# Manipulating the left-hand side into a right-hand side of a Hypergeometric sequence expansion

How do you show that$$F\left(\frac 13,\frac 23;\frac 32;\frac {27}4x^2(1-x^2)^2\right)=\frac {2\sin\left[\tfrac 13\arcsin\left(\tfrac {3\sqrt3}2x(x^2-1)\right)\right]}{x\sqrt3(x^2-1)}$$

I'm not sure where to begin. I thought about using the expansion of $\sin^{-1}$ since its expansion is equivalent to$$\arcsin z=z\, F\left(\frac 12,\frac 12;\frac 32;z^2\right)$$But am not sure how to incorporate that. I also thought about using some identity to make a transformation, but I'm not sure which specific one to use.

The series expansion, about $x=0$, of $\sin\left(\frac{1}{3} \, \sin^{-1}(x)\right)$ is given by $$\sin\left(\frac{1}{3} \, \sin^{-1}(x)\right) = 3 \, x \, \sum_{n=0}^{\infty} \frac{(3n)!}{n! \, (2n+1)!} \, \left(\frac{4 \, x^{2}}{27}\right)^{n}.$$
Now, by comparison it is determined that $${}_{2}F_{1}\left(\frac{1}{3}, \frac{2}{3}; \frac{3}{2}; t^{2}\right) = \frac{1}{3 \, t} \, \sin\left(\frac{1}{3} \, \sin^{-1}(t)\right).$$ By setting $2 \, t = 3 \, \sqrt{3} \, x \, (1-x^{2})$ leads to the desired expression. The region of convergence is $0 \leq x \leq \sqrt{3}/3$.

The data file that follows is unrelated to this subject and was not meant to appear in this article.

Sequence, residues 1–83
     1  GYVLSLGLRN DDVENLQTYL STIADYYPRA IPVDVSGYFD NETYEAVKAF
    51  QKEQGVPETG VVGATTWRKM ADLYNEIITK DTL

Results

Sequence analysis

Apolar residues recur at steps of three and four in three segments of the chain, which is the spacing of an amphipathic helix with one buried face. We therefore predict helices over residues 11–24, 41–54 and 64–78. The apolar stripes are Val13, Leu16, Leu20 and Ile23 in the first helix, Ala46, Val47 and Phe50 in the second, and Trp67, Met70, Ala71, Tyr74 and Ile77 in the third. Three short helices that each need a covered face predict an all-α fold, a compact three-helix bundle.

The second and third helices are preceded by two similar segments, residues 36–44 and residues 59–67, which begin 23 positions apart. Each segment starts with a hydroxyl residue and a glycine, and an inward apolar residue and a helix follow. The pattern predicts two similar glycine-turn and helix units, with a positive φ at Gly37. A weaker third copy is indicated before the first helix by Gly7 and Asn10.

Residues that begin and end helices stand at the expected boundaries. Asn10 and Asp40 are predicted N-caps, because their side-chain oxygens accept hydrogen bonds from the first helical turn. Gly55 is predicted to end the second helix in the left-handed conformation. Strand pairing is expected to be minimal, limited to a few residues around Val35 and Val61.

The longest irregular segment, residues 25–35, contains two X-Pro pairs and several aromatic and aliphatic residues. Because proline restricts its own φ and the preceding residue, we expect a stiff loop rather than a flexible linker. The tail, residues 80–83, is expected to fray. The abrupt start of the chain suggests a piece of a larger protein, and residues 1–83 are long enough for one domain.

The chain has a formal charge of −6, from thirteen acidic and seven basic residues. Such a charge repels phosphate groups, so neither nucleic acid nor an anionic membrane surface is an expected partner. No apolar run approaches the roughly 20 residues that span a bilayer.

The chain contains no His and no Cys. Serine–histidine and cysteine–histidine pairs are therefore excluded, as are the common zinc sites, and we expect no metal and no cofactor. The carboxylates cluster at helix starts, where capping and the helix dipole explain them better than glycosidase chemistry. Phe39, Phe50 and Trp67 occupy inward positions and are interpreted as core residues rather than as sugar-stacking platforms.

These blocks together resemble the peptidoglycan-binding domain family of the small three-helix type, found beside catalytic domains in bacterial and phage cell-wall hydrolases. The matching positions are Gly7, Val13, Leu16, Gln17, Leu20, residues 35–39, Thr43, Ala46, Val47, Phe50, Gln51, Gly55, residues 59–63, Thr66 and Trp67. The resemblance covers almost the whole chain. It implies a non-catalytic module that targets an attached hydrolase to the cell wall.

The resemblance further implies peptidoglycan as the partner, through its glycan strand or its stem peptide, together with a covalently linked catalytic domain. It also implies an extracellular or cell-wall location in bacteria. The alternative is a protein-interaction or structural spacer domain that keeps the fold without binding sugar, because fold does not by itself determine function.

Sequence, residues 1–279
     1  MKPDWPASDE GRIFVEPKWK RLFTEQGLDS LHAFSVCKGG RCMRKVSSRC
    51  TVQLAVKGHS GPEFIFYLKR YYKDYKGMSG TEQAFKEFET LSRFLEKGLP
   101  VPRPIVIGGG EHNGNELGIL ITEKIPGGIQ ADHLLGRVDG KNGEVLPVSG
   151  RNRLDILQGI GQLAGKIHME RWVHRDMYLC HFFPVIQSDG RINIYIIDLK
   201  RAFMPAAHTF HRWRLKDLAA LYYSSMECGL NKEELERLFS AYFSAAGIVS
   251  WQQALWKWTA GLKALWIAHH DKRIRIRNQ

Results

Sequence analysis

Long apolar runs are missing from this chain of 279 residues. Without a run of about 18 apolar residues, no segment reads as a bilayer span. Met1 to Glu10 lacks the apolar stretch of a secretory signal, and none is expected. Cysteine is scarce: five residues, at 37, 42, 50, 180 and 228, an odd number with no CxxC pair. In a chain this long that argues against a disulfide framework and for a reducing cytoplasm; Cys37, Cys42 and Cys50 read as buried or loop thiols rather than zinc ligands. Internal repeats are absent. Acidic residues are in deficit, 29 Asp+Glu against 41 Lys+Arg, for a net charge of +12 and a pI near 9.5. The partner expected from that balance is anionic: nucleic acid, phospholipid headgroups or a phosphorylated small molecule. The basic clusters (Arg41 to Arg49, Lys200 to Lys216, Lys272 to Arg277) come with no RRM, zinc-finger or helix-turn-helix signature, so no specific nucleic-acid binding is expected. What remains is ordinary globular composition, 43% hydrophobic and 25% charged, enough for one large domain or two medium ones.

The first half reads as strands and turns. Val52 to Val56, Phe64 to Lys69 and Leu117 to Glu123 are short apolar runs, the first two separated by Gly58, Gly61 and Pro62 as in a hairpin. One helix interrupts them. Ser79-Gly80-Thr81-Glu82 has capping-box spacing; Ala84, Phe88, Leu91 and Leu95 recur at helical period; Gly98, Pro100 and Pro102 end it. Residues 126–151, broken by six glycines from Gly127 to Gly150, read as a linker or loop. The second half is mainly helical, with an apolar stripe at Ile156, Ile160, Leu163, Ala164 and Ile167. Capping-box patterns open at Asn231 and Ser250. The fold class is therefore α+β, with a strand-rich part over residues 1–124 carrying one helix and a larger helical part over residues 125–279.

With much magic, or confusion, one may show that $${}_{2}F_{1}\left(\frac{1}{3}, \frac{2}{3}; \frac{3}{2}; t^{2}\right) = \frac{1}{3 \, t} \, \sin\left(\frac{1}{3} \, \sin^{-1}(t)\right) = \frac{1}{1-x^{2}},$$ where $2 \, t = 3 \, \sqrt{3} \, x \, (1-x^{2})$.
• I made a mistake and your answer is very nice $\to +1$. – Claude Leibovici Oct 31 '17 at 9:21